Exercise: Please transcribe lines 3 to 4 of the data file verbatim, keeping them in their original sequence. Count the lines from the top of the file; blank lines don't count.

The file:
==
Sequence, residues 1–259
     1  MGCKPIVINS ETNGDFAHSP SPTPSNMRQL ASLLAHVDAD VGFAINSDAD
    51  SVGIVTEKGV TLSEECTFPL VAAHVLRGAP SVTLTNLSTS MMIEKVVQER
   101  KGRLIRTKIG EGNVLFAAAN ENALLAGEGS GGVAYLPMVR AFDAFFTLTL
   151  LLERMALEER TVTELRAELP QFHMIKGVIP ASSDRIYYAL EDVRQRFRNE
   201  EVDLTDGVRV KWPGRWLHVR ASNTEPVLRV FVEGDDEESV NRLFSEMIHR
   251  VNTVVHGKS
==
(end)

    51  SVGIVTEKGV TLSEECTFPL VAAHVLRGAP SVTLTNLSTS MMIEKVVQER
   101  KGRLIRTKIG EGNVLFAAAN ENALLAGEGS GGVAYLPMVR AFDAFFTLTL